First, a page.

Now, remember that ‘balanced’ does not always mean smack dab in the middle. The rug could be under only the front part of a bed, or under a seating arrangement with more in front of the grouping than behind, or at an angle under a table in an odd-shaped dining area. This turns out to be something that is quite difficult to explain but very simple to see for yourself once you know to look for it!

4. Look at the legs

A good rule of thumb is that either all furniture legs are on the rug or all front legs are on the rug. This is mainly determined by the size of the rug or the size of the furniture. A large rug will have room for the entire grouping (all legs) on the rug but a smaller rug might mean the groupings back legs are all hanging off. This can also be a case of larger scale furniture, where the back legs need to be off the edges. Furniture is leveled with felt pads on the back legs when they are off the rug, sometimes more than one stacked on top of each other depending how thick the rug is.

In a bedroom, the rug is best placed sideways and pulled out from the foot of the bed as far as needed so that a warm place to walk is created starting from about 1/3 down the bed from the headboard and all around the foot.

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5. Play with the angle

Turn the rug to get the look you want. The rug brings focus and importance to an area of the room and visually joins together all the smaller elements in that space, so don’t be afraid to try turning it a few different ways to see what works best to pull everything together. I try both horizontally and vertically and often at an angle as well before deciding the best placement. Ideally, you want to create a visual bubble around the seating arrangement and leave clear walking paths from room to room if needed, so think of placing the rug in whatever direction works best to accomplish that.

Rotate, angle, adjust, readjust. Don’t be afraid to try placing the rug several different ways before deciding on the best placement.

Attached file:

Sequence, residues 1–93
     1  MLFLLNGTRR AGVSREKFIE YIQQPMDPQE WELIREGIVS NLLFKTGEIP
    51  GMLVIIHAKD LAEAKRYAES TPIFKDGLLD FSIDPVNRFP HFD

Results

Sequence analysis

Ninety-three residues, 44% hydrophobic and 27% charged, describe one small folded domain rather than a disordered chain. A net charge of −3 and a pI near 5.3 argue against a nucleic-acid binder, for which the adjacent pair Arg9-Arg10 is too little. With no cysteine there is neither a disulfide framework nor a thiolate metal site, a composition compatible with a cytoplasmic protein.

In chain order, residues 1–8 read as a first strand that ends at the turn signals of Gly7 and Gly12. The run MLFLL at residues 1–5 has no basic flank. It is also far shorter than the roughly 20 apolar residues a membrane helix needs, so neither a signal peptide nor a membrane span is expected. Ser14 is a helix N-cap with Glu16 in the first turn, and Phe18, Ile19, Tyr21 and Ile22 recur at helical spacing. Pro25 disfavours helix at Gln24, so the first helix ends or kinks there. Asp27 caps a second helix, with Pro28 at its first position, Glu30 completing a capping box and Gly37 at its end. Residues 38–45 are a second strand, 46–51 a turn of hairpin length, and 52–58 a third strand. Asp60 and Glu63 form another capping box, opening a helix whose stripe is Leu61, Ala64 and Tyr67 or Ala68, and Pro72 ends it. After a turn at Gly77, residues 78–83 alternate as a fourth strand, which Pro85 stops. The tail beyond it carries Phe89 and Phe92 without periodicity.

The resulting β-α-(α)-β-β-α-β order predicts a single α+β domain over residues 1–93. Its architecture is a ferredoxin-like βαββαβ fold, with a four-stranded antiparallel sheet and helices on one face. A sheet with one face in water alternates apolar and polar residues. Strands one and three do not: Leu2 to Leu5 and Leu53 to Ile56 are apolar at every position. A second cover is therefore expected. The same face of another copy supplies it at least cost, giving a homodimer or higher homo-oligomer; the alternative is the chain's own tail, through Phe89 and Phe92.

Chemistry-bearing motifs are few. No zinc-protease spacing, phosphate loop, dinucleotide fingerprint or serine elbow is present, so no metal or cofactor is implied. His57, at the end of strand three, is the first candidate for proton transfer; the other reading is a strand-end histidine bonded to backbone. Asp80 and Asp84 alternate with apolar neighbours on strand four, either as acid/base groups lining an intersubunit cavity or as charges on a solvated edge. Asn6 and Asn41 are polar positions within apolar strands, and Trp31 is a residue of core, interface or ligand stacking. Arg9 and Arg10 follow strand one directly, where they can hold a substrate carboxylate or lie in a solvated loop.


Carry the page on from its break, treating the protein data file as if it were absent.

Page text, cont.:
The rug should do three things in it’s placement:

1) frame the seating arrangement

2) balance or tie in any of the focal points of the room (the fireplace is the main one in a living room, but this could also be a media console that houses the tv or large picture window)

3) let the edges define the line between the seating area and the traffic flow (the main one I see here is angling the rug to create a traffic path through the room while defining the furniture arrangement as a separate area)

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What not to do:

A few quick things to avoid:

Don’t place a too-small rug centered under a coffee table. It looks like it’s wearing a tutu!

Don’t use an area rug in a random place to fill an empty space. It would be like putting a statement broach on your arm - why? What are you calling attention to in that location?

Don't overuse small rugs. These are great for inside doors, in specific work areas like the kitchen sink and as bathmats… but look messy and kind of silly when scattered all over the floor. And no, more is not better. Again, this is a case where the rug should serve a specific purpose and be visually anchored to it’s space (the door area, the bathtub, the sink cabinet). Scale is also a factor here – small space means a small rug.

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If you need some inspiration to get you thinking about creating a beautiful statement in your home, take a look at some of my favorites below!

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Links for all rugs shown above: